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Building and booting the Haste compiler

This document briefly describes how to build Haste from scratch. This is fairly easy on Linux-based systems, and a bit less easy on Windows.

Build dependencies

Build dependencies all non-Haskell dependencies necessary to build as well as bootstrap Haste.

For all platforms

  • libbz2
  • zlib
  • git
  • GHC 7.10
  • libgmp
  • libffi
  • pandoc (to build man pages)

Additional Windows dependencies

  • Cygwin, including GCC

Additional OSX dependencies

  • Apple's XCode developer kit

Building haste-cabal

As Haste support is not yet merged into vanilla Cabal, for now we have to use our own haste-cabal wrapper. An appropriate pre-built version of this binary is downloaded as part of Haste's bootstrap process, so building it yourself is not strictly necessary to build Haste from scratch. However, if you experience problems with the pre-built binaries, building from source is always a good idea.

Start by checking out the source and switching to the appropriate branch:

$ git clone && cd cabal
$ git checkout haste-cabal

Then we build and install the Cabal library:

$ cd Cabal && cabal install

Finally, install the modified cabal binary itself:

$ cd ../cabal-install && cabal install

On Linux, haste-cabal has a runtime dependency on the versions of libgmp and libffi it was linked against. If you intend to run your binary on another machine than the one you built it on, you may want to bundle those libraries with your binary and use a wrapper script to execute it with the appropriate library environment.

Building Haste

If you are building a released version, simply use cabal and you're done:

$ cabal update && cabal install haste-compiler

If you are building a development branch, or if you want to build a portable binary package, you should start by checking out the source from GitHub:

$ git clone && cd haste-compiler

If you simply want to install the current development version, just install it with cabal as usual:

$ cabal install

If you want to build a portable binary package, the process is slightly different:

$ cabal configure -fportable -fstatic
$ cabal build

All binaries will be build and copied into the haste-compiler directory in the repository root.

The portable flag tells Haste to look for libraries and settings in the directory where the hastec binary resides, while the static flag enables building the Haste binaries statically. On OSX, the latter flag doesn't do anything as OSX is rather hostile towards static linking.

Be aware that a portable installation is statically linked (except on OSX), and thus includes libgmp. This comes with a small legal gotcha:

  • you will need the static libgmp libraries (.a files) to build, and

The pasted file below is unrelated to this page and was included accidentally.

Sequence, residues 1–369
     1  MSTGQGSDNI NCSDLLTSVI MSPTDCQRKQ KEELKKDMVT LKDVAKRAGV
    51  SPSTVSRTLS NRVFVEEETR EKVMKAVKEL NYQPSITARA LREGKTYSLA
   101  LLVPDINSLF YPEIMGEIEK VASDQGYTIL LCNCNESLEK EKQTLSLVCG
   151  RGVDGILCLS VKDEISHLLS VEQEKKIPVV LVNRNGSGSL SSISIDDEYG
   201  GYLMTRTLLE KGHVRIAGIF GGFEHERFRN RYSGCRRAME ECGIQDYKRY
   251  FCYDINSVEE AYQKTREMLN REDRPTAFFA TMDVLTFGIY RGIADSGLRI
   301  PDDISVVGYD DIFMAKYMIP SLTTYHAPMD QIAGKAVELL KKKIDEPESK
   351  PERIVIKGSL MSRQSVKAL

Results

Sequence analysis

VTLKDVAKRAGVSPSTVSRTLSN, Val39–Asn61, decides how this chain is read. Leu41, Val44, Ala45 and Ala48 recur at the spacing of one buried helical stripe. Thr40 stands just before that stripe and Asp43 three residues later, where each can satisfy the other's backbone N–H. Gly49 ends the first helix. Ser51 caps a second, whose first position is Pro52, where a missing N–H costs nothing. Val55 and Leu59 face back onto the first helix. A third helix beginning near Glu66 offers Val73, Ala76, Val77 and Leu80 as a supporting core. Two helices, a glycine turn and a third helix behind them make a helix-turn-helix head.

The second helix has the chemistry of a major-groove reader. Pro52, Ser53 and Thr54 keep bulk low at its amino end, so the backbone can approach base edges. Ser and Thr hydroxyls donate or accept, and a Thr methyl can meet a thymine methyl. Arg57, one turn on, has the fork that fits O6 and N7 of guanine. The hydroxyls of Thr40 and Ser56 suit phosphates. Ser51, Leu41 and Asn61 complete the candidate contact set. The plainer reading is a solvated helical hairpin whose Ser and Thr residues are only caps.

• if you are distributing portable Haste binaries with proprietary modifications, you are violating the LGPL license of libgmp unless you also provide your application in source or object format. If this is a problem for you, consider contributing your changes back to mainline Haste under the BSD3 license.

Booting Haste

Normal install

Booting Haste is now a matter of running the appropriate haste-boot binary. If you installed the Haste binaries onto your system (as opposed to building the portable binaries), you just add Cabal's local binary directory to your search path, and then run haste-boot --local from the root of your source repository, indicating that you want to use the libraries already present in that directory instead of downloading some other version.

If you built and installed your own haste-cabal binary, you will want to tell haste-boot to avoid downloading a pre-built haste-cabal binary and instead use your pre-built binary using the --with-haste-cabal=$YOUR_BINARY flag.

See haste-boot --help for more bootstrapping options.


If you built the portable binaries, you instead need to run the haste-boot binary that got copied into haste-compiler (which is highly unlikely to be on your search path):

$ haste-compiler/bin/haste-boot --local

Haste will be bootstrapped into said directory rather than into ~/.haste.

If you built your own haste-cabal binary, you will want to use the --with-haste-cabal=$YOUR_BINARY flag to ensure $YOUR_BINARY is used instead of the one haste-boot would otherwise download.

Building a complete portable package

The process of checking out a clean copy of Haste, building, booting and packing up the result into a redistributable binary package is automated using the build-release.hs script. In order to build a portable Debian package, for instance, simply run runghc build-release deb and a Debian package will appear in the ghc-7.10 directory in the root of Haste's source tree.

The build-release script can build multiple file formats in one go; simple pass all formats you wish to build as command line arguments. To see which formats are currently supported by build-release, run it without arguments.

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